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African countries should invest more in agriculture and agro-processing to boost industrialisation on the continent, Akinwumi Adesina, the African Development Bank President (AfDB), has said. He noted that there is need for both governments and private sector bodies to partner and leverage the continent’s resources to transform the sector amid the global economic recession.
Adesina also urged governments on the continent to promote research and good practices that can help African countries, including Rwanda, to improve their agricultural production for more sustainable growth.
« Agriculture contributes over 28 per cent of Africa’s GDP, holds the key for the accelerated growth, diversification, and job-creation on the continent, » he said.
It is therefore critical that states inject more resources to boost sustainable development on the continent, he added.
Adesina was speaking during the annual African Economic Conference (AEC) 2016 in Abuja, Nigeria on Tuesday. The conference on the theme, « Feed Africa: Towards Agro-Allied Industrialisation for Inclusive Growth », attracted 300 agriculture experts and policy-makers from across the continent. He lauded Rwanda’s achievements in agriculture and poverty reduction.
« Agriculture provides the basic raw materials needed for industrial development. Food accounts for the highest share of consumer price index, and providing cheap food is critical for taming inflation. When inflation is low, interest rates decline and it brings greater private sector investments. A more productive, efficient, and competitive agriculture sector will boost rural economies, where majority of the population live in Africa, » Adesina said, adding that the future of Africa depends on agriculture.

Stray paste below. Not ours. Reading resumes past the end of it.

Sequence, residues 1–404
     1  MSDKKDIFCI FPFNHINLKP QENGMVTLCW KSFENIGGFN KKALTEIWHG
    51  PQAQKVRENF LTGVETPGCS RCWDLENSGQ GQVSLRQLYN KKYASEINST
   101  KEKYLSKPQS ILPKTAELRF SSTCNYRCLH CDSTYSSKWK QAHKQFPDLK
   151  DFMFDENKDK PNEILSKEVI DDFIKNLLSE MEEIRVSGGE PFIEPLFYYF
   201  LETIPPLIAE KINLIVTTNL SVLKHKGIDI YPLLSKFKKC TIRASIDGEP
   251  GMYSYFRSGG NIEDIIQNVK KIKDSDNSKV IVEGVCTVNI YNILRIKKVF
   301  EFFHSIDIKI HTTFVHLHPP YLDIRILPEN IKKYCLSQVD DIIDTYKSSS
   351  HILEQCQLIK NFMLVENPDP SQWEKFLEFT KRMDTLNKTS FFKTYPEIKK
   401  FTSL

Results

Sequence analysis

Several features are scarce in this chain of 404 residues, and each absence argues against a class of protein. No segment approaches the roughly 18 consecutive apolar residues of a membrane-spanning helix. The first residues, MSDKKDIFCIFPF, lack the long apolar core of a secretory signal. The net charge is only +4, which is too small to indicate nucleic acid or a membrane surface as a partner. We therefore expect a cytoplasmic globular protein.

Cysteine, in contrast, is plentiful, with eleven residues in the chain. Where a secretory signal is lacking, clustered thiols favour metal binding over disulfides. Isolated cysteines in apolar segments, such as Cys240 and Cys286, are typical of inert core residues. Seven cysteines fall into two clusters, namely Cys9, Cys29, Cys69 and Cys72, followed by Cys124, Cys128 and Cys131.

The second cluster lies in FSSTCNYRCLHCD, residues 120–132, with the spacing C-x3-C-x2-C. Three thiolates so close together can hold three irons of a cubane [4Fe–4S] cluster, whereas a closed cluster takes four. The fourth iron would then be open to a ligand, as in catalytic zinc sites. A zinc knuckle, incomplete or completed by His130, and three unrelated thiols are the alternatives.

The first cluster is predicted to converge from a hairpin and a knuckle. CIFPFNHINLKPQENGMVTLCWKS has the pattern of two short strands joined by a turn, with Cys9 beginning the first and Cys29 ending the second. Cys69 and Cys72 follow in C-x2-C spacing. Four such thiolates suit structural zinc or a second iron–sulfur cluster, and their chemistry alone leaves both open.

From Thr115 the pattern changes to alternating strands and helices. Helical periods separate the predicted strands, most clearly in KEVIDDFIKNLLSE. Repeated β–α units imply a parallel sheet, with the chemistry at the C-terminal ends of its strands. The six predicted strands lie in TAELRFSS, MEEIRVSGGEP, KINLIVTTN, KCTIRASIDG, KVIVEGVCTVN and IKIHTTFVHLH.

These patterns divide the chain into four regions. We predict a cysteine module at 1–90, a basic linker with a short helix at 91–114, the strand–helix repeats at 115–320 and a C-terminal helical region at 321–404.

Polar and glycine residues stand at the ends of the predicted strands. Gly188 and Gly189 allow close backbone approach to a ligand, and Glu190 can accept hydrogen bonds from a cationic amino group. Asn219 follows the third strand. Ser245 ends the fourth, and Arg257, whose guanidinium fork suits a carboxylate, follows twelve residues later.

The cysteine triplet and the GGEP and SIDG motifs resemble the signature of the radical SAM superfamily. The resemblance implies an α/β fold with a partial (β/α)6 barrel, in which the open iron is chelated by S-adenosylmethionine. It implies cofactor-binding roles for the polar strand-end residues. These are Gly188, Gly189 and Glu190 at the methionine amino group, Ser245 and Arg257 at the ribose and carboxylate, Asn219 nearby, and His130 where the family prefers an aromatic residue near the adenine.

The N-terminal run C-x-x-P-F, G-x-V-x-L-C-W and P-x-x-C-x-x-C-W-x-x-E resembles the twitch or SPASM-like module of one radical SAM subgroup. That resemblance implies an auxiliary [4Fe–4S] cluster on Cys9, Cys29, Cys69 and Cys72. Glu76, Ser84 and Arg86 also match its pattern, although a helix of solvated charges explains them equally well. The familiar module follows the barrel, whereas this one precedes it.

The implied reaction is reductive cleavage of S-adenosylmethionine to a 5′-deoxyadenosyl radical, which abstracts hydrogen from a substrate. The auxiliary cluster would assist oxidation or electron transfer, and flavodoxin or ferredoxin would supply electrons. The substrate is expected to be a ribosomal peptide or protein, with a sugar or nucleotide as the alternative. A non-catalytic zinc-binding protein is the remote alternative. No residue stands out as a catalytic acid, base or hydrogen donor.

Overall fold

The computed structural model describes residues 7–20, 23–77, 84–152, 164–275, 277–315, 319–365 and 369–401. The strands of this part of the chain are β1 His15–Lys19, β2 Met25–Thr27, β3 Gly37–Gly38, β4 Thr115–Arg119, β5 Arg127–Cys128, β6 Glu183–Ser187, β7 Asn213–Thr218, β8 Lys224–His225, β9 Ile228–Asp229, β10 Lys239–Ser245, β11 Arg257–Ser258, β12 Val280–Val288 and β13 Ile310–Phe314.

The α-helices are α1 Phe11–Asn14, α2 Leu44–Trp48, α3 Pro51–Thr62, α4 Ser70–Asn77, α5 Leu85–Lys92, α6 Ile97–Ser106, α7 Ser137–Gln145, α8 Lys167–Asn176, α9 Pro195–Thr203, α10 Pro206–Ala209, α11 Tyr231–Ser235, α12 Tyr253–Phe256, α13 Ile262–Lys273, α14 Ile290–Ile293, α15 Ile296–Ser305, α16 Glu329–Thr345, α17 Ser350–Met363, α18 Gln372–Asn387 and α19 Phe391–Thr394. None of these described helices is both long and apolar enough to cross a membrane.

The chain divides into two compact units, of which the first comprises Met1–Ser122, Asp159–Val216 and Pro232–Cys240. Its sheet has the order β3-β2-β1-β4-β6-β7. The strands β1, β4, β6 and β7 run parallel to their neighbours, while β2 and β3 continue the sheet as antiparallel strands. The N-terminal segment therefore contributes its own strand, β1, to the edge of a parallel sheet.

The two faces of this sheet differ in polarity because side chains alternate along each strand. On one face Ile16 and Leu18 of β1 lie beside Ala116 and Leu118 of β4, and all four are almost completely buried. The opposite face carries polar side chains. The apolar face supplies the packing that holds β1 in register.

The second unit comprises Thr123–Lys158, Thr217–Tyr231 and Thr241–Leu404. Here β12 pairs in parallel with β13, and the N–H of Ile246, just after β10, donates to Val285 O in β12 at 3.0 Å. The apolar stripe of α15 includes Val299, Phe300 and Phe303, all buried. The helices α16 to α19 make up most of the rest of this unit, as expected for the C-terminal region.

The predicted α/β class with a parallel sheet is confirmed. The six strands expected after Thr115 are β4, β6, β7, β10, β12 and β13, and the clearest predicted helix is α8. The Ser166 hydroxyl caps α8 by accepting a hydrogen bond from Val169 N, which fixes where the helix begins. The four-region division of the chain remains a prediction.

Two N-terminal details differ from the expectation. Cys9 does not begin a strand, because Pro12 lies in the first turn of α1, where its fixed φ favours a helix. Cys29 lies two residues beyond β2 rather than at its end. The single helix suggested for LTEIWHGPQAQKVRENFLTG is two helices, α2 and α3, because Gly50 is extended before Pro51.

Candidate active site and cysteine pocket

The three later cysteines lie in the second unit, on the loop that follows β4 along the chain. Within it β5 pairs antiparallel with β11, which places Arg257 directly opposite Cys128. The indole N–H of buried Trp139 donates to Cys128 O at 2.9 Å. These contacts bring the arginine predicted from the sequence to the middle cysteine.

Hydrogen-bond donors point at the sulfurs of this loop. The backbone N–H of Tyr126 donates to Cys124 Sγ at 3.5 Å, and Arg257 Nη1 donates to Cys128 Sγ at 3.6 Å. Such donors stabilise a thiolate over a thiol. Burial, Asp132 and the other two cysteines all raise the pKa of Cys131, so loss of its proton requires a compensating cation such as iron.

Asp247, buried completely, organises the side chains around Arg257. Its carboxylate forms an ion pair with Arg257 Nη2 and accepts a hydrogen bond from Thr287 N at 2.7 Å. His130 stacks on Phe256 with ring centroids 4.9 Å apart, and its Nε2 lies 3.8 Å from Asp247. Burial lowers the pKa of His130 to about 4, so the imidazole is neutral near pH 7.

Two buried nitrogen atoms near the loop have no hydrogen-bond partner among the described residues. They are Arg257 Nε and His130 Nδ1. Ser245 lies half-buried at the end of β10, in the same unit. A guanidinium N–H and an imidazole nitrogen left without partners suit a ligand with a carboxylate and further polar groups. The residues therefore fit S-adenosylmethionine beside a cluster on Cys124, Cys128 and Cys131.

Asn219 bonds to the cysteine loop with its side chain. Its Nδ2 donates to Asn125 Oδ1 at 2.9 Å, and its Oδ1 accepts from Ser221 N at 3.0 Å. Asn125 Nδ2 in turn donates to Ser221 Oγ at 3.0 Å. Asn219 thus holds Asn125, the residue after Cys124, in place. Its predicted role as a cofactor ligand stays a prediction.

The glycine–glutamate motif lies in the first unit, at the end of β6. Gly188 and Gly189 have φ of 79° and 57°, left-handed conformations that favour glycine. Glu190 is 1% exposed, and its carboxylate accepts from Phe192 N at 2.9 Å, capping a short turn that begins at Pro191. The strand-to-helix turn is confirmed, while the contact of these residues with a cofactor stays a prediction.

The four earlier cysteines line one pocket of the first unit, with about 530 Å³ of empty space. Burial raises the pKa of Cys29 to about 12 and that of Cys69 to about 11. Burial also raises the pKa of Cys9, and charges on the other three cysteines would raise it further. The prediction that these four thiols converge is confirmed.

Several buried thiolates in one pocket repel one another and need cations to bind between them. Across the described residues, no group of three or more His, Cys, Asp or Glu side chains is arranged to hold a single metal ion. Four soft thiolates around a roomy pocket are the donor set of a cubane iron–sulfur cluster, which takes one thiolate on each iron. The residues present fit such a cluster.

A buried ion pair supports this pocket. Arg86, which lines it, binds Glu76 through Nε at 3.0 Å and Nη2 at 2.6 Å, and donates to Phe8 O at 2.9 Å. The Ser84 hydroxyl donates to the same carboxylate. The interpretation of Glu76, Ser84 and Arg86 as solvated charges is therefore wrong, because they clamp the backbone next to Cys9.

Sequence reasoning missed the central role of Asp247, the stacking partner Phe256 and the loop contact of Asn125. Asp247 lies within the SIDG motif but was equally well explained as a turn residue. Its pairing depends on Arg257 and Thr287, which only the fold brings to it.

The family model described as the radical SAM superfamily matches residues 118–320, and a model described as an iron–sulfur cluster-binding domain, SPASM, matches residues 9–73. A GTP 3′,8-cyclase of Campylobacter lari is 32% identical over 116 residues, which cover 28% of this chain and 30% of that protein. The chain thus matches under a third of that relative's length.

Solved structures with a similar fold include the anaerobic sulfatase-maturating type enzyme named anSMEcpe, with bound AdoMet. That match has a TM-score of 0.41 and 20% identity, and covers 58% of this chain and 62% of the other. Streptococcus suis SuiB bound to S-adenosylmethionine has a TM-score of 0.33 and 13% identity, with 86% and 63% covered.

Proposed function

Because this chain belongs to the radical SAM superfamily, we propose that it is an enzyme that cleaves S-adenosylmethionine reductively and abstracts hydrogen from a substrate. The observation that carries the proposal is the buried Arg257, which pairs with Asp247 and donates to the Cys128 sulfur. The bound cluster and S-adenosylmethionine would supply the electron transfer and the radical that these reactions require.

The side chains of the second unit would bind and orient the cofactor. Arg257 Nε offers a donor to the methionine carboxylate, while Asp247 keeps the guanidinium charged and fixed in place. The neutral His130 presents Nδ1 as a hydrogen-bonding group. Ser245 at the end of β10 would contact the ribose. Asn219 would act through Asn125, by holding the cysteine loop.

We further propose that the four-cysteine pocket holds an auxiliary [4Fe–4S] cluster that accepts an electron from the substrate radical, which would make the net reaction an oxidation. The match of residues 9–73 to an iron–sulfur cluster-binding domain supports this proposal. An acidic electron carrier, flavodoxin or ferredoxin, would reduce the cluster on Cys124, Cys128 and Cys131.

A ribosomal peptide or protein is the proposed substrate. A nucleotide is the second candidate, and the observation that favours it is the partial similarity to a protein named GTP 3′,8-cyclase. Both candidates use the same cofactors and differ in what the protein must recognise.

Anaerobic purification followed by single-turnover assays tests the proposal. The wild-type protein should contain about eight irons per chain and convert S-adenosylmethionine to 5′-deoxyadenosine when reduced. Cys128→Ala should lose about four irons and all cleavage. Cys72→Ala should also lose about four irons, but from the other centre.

Citing achievements by Ethiopia, Kenya, Rwanda, as well as South Korea, the AfDB chief said Africa could use agriculture as a solid foundation to build strong agro-based industries and hence create more jobs and ensure food security.
Abdalla Hamdok, the acting ECA executive secretary, called for new policy approaches to incentivise agricultural production activities and sectors with higher returns so that Africa can benefit from commodity-based industrialisation and agro-alliance.
« Our desire for structural transformation will not be realised without strong and inclusive institutions that are backed by well-coordinated development plans and supported by innovative and flexible industrial policy mechanisms, » stressed Hamdok.
Current estimates indicate that 65 per cent of all the uncultivated arable land in the world that can feed nine billion people by 2050 lies in Africa.
However, the continent spends $35 billion annually importing food. This has huge implications for Africa, including loss of income and jobs. With the food and agribusiness sector projected to grow from US $330 billion to $1 trillion by 2030, the continent simply cannot afford to unlock this hefty opportunity.
Prof Eric Maskin of Harvard University and co-recipient of the 2007 Nobel Prize in economics, called for greater skills development « to provide people in rural areas with requisite expertise to get jobs in agro-based industries ».
« Governments need to get involved in skills training and education in agriculture because the sector has the highest number of the unskilled labour force… There is no higher priority than investing in people, » he said.
The agriculture sector employs over 72 per cent of the Rwandan population, and contributes about 33 per cent to GDP annually.
The sector is currently expanding at 7 per cent; the target is 8.5 per cent annual growth rate by 2018.